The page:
Great Lakes and Ohio River Division Lockmasters Workshop

By Brian at May 24, 2011 14:11
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The Great Lakes and Ohio River Division Lockmasters Workshop is being held near Pittsburgh Tuesday through Thursday, 24-26 May. This will be an outstanding forum to hear the concerns and needs of the folks actually workng the locks on the inland waterways and Great Lakes.  There are about 45 attendees, most from the Great Lakes and Ohio River area, but also some from other waterways. So far they've covered lock operator training and have an ambitious agenda for the rest of the workshop.

I'll be giving a presentation Wednesday morning on AIS, River Information Services (RIS) and LOMA and I anticipate a lot of questons and hopefully some good discussion. One of our LOMA beta testers will also be presenting his impressions of LOMA, so I look forward to hearing his unvarnished view of how it's working for him.

Here's some information about LOMA:

I can be contacted through blog at maritimespatial dot com for more information and questions.

Change to St. Lawrence Seaway water level AIS message

By Brian at October 13, 2010 17:15
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Below is the text of a recent St. Lawrence Seaway notice regarding a change to their version of an AIS message used to transmit water level information:

AIS Water Level Data Transmission
In support of vessels using a draft optimization tool, mariners are advised that effective October 5, 2010, the water level data being transmitted via AIS will be based on actual readings, as currently done, or based on readings of adjacent sensors, in the event of problems with the primary sensor. The AIS water level message type will display ‘act0’ when the level is from the primary sensor and ‘est1’ when the level is estimated using data from adjacent sensors. The AIS version message has been changed to 4.1 from 4.0 to reflect this modification.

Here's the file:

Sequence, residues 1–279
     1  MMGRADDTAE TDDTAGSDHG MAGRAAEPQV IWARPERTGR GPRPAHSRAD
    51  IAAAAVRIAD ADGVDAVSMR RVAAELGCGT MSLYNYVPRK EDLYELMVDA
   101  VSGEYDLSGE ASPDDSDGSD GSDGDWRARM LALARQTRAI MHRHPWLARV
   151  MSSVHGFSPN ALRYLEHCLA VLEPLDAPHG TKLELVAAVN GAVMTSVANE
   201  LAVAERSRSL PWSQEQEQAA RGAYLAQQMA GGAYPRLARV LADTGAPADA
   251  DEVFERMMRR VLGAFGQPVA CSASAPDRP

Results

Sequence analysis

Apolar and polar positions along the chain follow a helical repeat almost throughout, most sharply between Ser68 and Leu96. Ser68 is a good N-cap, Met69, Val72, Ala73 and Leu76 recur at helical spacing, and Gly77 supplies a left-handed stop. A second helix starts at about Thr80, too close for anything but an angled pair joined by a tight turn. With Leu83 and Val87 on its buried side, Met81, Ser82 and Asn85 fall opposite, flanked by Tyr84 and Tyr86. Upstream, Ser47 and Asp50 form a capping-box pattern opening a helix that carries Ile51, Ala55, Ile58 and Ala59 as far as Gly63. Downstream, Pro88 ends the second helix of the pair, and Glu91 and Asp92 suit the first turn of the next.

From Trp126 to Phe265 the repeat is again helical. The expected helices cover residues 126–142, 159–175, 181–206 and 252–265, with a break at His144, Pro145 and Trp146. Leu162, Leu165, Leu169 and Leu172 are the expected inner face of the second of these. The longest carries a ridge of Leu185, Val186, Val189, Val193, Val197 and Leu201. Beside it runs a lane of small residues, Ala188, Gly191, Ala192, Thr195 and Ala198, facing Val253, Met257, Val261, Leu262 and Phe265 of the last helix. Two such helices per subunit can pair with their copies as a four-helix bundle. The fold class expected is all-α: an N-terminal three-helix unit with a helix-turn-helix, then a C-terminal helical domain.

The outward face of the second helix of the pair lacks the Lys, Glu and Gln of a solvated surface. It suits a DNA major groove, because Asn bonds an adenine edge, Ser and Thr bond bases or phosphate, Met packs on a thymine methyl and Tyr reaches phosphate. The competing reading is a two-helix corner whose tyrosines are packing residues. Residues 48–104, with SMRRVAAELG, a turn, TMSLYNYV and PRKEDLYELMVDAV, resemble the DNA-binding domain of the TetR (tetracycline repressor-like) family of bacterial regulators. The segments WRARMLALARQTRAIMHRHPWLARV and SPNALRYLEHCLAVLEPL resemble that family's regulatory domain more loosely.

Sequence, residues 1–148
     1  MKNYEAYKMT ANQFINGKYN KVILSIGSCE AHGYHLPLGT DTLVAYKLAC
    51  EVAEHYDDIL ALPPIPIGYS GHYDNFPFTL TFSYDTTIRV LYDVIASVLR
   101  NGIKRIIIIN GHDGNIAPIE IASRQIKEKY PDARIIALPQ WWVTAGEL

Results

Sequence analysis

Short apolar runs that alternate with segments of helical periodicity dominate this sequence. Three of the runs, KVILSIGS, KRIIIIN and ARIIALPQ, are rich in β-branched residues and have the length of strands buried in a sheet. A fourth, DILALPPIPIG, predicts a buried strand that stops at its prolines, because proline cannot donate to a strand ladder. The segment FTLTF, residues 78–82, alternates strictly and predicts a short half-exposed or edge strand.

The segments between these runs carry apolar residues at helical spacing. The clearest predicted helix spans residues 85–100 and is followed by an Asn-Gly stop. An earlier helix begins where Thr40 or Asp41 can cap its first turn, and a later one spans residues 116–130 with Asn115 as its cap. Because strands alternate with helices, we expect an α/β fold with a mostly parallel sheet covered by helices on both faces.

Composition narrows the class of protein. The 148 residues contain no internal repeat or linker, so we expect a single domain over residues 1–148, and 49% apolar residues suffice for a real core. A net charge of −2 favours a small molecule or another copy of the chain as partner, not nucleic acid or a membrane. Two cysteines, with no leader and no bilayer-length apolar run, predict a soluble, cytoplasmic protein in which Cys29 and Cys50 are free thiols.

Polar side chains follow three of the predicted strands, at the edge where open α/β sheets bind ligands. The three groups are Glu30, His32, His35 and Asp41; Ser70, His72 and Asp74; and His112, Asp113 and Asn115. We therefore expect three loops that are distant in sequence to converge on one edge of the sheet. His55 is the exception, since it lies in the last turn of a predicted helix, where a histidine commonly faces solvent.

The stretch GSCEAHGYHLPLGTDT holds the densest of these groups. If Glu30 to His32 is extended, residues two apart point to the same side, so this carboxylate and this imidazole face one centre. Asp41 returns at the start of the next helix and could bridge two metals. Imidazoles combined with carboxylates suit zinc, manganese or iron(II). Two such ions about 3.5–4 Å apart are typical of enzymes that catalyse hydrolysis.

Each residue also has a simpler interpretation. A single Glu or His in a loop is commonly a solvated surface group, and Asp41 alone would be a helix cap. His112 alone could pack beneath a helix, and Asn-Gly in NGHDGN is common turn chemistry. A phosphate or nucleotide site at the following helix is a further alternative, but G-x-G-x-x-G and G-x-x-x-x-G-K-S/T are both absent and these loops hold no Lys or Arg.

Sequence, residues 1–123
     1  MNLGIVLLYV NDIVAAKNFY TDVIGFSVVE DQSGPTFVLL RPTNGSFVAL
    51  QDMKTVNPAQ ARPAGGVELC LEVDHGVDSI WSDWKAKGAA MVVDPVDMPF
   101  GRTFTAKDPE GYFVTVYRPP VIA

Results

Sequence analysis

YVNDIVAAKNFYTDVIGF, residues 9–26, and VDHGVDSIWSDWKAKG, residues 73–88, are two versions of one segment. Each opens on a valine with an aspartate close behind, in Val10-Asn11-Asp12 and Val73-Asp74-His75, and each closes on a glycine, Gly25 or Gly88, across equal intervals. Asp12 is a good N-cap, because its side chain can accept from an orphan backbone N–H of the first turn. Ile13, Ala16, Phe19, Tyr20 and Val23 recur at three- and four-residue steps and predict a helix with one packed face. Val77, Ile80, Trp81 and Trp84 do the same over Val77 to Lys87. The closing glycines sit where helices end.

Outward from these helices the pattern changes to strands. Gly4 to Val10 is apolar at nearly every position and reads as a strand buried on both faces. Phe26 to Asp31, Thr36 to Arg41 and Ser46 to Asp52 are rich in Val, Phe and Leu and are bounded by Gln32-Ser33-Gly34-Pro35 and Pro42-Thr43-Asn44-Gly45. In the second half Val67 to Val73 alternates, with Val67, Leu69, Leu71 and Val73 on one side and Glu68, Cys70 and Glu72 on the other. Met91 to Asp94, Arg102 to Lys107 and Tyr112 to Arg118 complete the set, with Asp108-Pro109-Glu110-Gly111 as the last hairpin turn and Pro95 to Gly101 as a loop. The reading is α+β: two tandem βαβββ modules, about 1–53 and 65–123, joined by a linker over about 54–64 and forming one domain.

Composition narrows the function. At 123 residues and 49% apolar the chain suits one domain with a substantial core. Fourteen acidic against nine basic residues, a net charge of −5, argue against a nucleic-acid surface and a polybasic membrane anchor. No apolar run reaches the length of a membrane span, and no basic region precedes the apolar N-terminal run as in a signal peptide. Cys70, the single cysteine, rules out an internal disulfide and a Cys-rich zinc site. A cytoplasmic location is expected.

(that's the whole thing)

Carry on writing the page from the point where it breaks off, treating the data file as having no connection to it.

October 5, 2010

The pdf version of the notice is available here.

Here is version 4.0 of the water level message:

It's unclear to me where the "act0" and "est1" indications have been placed, but probably in the "reserved for future use" bits in the Reference Datum or Reserved fields.  The Notice states that "The AIS water level message type will display ‘act0’ when the level is from the primary sensor and ‘est1’ when the level is estimated using data from adjacent sensors."  This is somewhat presumptious - the actual portrayal would depend on how the manufacturer of the navigation system implemented it.

Th St. Lawrence Seaway has been on the cutting edge in the use of AIS since the early 2000's for which they should be commended.  However, they mostly serve a captive audience so they can make these sort of changes fairly easily.  The problem is that the rest of the world is using other messages, and it is unlikely many manufacturers will implement the SLS messages in their software, putting users at a disadvantage if they do sail the Seaway.

There is an international effort to develop and use common AIS messages, and to establish a registry of international and regional messages.  IALA is hosting this registry, which (unfortunately) currently has no submissions.  In the US, we are actively working to clarify the process for development and qualification of new mesages, and plan to submit messages to the IALA registry.  Others, including the SLS are encouraged to submit messages to the registry and are invited to join in or find out more about the US efforts on AIS application specific messages.

Efficiency, reliability and e-Navigation